The demonstration by more than 200 public school teachers in the southwestern county of Jianyang on 21 May was just the latest in a series of protests by teachers in China over a wide-range of issues including low pay, unequal pensions and other benefits, and wage arrears.
Around six percent of all the incidents recorded on CLB’s Strike Map so far this year have involved education workers, who make up only about two percent of China’s total workforce.
Teachers gathered in protest outside the Jianyang municipal petitions office. Photograph from Chinese social media
The Jianyang protest centred on a long-standing and widespread problem in poorer rural counties in China, namely that teachers are paid less and have fewer benefits than other public servants in the same district.
The 1993 Teachers Law states that teachers should have basically the same pay and benefits as civil servants of a comparable grade. But teachers’ pay has rarely, if ever, reached the same level as civil servants. One study of teachers’ pay levels during the 1990s and 2000s found that junior and middle school teachers’ pay was not only lower than the average pay of civil servants but was also lower than the national average for all professions.
That is clearly still the case in Jianyang where teachers are paid only around 3,000 yuan per month on average, which is barely enough to live on. In 2017, the average yearly wage for all urban employees in Sichuan, where Jianyang is located, was 58,671 yuan or around 4,890 yuan per month, according to official data. The Jianyang teachers were awarded a 14,500 yuan bonus this year but civil servants reportedly received more than twice that amount in bonuses, 39,800 in total.
Teachers’ protests occur across the whole of China but poorer rural districts, where government’s have limited funds, have been a focus of unrest for decades now. Many provincial governments hired less-qualified community teachers (民办教师) in the 1980s and 90s to make up for the shortfall of teaching staff in rural areas. They were promised the same pension benefits as teachers in public schools but many local governments reneged on that promise. Retired community teachers have been taking to the streets in regular protests ever since, most recently in Shaanxi and the north-eastern provinces of Liaoning and Jilin.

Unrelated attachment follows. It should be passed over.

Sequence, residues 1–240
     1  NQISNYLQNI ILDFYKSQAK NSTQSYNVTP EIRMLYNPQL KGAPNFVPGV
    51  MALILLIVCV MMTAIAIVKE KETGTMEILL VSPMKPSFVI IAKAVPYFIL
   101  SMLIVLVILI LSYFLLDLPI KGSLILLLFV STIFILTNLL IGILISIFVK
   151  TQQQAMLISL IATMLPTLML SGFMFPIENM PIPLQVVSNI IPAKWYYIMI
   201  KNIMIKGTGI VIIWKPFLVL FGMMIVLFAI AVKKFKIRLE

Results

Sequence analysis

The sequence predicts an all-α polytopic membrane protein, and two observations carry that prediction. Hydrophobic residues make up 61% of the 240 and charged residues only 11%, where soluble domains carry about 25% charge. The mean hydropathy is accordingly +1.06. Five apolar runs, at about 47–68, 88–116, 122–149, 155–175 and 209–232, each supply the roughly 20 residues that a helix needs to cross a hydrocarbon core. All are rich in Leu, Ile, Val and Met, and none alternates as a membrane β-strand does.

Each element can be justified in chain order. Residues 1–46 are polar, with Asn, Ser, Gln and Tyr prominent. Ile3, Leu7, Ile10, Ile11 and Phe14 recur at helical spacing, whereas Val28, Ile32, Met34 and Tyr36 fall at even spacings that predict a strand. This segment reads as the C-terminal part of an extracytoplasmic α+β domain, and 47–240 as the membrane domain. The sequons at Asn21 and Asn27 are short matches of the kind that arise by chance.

Some of the lowest paid teachers in China are young women working in privately-run kindergartens. Not only are they paid not much more than the minimum wage, they are often denied pensions and other benefits, and can go months without pay if the school cash reserves run low or school owners embezzle tuition fees.
In one positive development, however, the federation of trade unions in Jiangsu is now actively pushing for the establishment of trade unions in private schools across the province. The federation hopes to have established trade unions in 85 percent of the province’s private junior and middle schools and 60 percent of its private kindergartens by the end of November this year.
Up until now, school trade unions have been less than effective in protecting teachers’ rights but the Jiangsu federation does now have the opportunity to create genuinely representative unions that can help address teachers long-standing concerns.
See CLB’s 2016 research report Over-worked and under-paid: The long-running battle of China’s teachers for decent work for more details on the problems in the education profession and the collective action taken by China’s teachers to defend their rights.